Happy 100 Days: 11

“We had a birthday party for Winter today,” Bug tells me, pulling the last of the Oreos out of the crumpled blue wrapper he found in his backpack.
“Winter the dolphin?” We are leaving after-school care on the way to drop the pooch off with a friend for the Christmas break.
“No,” Bug says, black cookie dust drifting down his chin. Winter is a dolphin with a prosthetic tail that lives down at the Clearwater Marine Aquarium in Florida. Bug has been dying to go down to visit ever since seeing a movie about the rescue. “Not that one. How old is Winter anyway?”
“If it is someone in your class, I assume she’s six.”
Bug gives me a blank look. “Is there someone named Winter in my class?”
I stop and bend down. “What are we talking about?”
Winter,” Bug says, as if I haven’t heard him properly. “It’s the short day, and then it starts all over again.”
“Oh! The solstice!” I say.
“Right! We had a party for Winter’s birthday. We had cookies and juice.”
We get in the car and drive through the night past all the houses decked out in twinkling lights. We arrive at the friend’s place with the dog in tow. Bug sits on our friend’s living room floor and digs through a box of old toys belonging to boys who are men now, off exploring unmapped corners of the world. The pooch snuffles around and makes herself at home in a nook behind the dining room table.
After a little while, we go over to the common house where a small group of folks has been cobbling together army-sized vats of vegetable stew and cornbread. Candles are waiting to be lit, wine is opened, and slips of paper with bits of blessing are passed from hand to hand. Soon, a group of friends and neighbors is standing in a circle sending wishes to the four directions. Each of us holds a candle. Bug finds a glass bauble shaped like a star to hold his. When we reach our part of the recitation, I bend and Bug holds his light up to the slip of paper.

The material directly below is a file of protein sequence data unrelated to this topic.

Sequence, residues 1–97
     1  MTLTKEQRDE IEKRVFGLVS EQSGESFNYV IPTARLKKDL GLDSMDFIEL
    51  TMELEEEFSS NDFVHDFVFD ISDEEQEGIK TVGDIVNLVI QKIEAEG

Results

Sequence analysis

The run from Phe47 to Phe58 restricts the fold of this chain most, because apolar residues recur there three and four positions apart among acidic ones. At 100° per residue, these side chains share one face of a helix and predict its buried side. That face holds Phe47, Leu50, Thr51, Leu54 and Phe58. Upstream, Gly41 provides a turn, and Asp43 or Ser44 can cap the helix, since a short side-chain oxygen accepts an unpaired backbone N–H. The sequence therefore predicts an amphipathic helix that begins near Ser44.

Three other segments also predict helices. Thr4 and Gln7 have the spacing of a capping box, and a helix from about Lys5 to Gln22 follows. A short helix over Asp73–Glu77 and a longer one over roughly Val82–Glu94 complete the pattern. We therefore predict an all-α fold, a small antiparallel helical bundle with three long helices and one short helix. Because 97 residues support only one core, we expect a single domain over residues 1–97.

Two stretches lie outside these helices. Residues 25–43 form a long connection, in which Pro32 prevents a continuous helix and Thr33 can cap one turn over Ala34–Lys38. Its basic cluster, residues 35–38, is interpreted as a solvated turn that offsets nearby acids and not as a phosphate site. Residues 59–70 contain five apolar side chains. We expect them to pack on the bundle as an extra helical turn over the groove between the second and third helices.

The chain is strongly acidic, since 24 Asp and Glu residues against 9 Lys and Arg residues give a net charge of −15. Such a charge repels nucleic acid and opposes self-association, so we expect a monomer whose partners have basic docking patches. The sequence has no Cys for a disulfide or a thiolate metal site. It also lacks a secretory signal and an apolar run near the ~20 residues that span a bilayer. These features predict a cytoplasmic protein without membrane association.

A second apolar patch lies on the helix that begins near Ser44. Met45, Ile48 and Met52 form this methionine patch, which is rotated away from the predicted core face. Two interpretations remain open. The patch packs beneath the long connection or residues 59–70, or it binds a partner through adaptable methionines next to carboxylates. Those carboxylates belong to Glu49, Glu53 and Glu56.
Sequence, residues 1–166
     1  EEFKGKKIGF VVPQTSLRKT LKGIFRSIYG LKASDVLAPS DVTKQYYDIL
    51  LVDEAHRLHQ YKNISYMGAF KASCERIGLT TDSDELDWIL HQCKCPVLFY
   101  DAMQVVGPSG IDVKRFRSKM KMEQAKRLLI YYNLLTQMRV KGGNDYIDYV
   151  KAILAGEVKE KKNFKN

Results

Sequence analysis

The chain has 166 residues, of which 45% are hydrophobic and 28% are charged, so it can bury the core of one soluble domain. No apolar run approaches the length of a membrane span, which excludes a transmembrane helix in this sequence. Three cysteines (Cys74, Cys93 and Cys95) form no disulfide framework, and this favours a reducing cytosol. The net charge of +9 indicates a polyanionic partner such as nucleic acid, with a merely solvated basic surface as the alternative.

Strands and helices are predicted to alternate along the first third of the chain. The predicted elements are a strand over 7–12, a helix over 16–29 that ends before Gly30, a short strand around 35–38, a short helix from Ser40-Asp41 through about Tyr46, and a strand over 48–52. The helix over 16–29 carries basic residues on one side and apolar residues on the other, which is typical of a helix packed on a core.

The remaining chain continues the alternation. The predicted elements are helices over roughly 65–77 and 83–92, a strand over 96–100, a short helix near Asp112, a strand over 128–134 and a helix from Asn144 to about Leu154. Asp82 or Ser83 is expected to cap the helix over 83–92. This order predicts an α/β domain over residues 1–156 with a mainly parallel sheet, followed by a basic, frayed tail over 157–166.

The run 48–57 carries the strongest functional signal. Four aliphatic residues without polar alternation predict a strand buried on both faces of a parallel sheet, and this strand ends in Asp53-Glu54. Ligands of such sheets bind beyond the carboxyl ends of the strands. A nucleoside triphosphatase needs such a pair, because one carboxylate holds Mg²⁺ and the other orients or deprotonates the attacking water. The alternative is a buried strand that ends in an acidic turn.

“Can you read that word?” I ask.
“West,” he says.
“That’s right. West. And that?”
He looks a moment longer. “North,” he says.
“You got it.” I read the rest of our share of the blessing. After a few laughs and shared breaths, we eat. Bug finds older kids and joins them at their table. He is a perpetual narrative-in-motion machine. He asks me not to watch him so I only do through sideways eyes. My friend stays near Bug and me, making sure we have enough to eat and that we have met the folks who are sharing this moment with us.The room is alive with the scent of cinnamon, smiling faces, stories of trapeze classes and the lament of kids growing up too fast.
It is dark so early now. I barely noticed, what with all the light.
We had a birthday party for Winter today.


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